The company also uses online CAD drawings to give suppliers a taste of what a product will look like before they bid on a new job, Stadterman said. That way, suppliers more accurately understand the costs and work involved, said Stadterman, who is based in Milford, Conn.
The shift at Schick is a radical departure from the company's former data-transmission methods, Stadterman said.
"E-mail could not do the work," he said. "Drawings weren't quite complete."
The Web is becoming more than a product-development hotel room. It also will play a key role in order and inventory management, the so-called back end of purchasing.
But processors still need to buy into that idea, said Jay Gardiner, director of business development with Houston-based ECOutlook.com and a former president of the Society of Plastics Engineers.
Some companies, such as resin suppliers GE Plastics and Eastman Chemical Co., have been early users of Web buying, Gardiner said. But most parts producers still are waiting to be shown more proof that the Web will work for them, Gardiner said.
It will take a greater commitment by a company's top executives to move to the Web, Gardiner said. And they will make that executive decision soon if they want to stay competitive, he warned.
"By working early with your supply chain, you can have a strong advantage," Gardiner said. "Using the Web is probably the only way to get that."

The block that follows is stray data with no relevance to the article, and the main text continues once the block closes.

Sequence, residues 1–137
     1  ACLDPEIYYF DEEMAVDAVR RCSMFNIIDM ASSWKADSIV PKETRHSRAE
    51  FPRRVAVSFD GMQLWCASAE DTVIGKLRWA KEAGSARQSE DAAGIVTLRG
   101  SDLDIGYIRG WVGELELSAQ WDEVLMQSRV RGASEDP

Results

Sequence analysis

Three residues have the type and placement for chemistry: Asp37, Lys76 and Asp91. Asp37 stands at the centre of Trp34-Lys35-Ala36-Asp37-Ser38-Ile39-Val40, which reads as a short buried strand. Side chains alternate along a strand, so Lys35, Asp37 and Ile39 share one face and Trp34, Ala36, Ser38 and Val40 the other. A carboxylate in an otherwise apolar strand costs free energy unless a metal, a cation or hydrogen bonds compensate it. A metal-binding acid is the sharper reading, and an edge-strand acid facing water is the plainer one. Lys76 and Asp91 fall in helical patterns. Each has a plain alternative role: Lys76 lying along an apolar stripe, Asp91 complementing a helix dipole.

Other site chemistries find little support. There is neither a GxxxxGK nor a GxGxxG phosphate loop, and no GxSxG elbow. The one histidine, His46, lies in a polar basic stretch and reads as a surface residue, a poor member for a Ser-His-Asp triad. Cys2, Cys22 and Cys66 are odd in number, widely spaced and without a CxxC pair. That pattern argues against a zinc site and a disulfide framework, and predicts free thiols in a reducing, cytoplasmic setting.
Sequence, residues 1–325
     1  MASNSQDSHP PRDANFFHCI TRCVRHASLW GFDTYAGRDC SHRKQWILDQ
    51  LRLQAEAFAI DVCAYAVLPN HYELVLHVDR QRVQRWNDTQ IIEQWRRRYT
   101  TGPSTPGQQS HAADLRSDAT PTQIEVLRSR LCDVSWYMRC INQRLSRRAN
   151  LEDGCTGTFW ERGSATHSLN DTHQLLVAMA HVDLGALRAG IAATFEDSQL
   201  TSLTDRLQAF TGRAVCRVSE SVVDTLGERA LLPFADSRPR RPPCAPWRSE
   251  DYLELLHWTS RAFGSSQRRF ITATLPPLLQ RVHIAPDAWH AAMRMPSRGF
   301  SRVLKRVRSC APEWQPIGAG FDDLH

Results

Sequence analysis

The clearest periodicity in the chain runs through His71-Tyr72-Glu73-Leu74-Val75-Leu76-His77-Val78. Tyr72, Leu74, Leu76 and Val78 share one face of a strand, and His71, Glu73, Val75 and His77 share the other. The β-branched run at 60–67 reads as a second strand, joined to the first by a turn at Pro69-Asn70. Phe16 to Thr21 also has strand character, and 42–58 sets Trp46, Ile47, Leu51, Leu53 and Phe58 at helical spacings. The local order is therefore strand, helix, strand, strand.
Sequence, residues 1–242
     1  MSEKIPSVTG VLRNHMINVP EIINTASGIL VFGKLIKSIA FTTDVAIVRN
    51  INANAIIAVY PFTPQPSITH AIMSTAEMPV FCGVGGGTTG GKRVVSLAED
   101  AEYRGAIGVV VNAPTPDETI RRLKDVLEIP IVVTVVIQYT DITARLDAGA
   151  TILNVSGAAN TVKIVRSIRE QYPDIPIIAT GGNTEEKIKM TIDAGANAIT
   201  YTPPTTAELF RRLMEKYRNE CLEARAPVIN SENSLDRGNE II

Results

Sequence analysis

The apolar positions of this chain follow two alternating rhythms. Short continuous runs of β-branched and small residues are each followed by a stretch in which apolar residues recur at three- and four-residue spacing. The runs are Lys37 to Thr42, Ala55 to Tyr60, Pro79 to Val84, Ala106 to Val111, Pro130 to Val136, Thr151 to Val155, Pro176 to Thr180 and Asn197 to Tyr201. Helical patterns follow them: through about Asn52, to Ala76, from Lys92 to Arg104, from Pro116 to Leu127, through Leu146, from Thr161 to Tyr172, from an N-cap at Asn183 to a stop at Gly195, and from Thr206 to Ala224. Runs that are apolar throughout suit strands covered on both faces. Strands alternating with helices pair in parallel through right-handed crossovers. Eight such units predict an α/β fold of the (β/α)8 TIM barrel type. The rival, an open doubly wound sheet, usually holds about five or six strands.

Online methods can automate many of the low-end but laborious functions that companies use to process orders and make purchases, Gardiner said. Those include keying in an order, communicating it to others and shipping out a part.
Companies can see an immediate spike in profitability by moving to computer models, he said. Many of those savings come from avoiding data-entry errors.
ECOutlook specializes in that approach, working with large processors and resin suppliers. Companies pay a subscription fee to automate those processes by using a private link to ECOutlook's Web site.
Microsoft takes a different approach, offering companies software to build their own internal network by using the company's BizTalk Server 2000, launched in December. Companies such as Troy, Mich.-based Delphi Automotive Systems are adopting that system to connect with supplies, Colyer said.
"We give you the ability to orchestrate internal processes and adapt those processes as you change," Colyer said.
Either way, the cost can be lower than what users might think. The Biztalk server costs about $50,000, Colyer said. Using ECOutlook's Web-hosting service varies in price, depending on usage, but will not break a company's budget, Gardiner said.
The industry also is driving to adopt a common computer language, called XML, that will avoid difficulties in translating data from one software package to the next. That will give processors fewer excuses to avoid online supply-chain tools, Gardiner said.
"Current methods are not efficient," he said. "You have to decide if you're going to do what other parts processors are doing or if you are going to lag behind."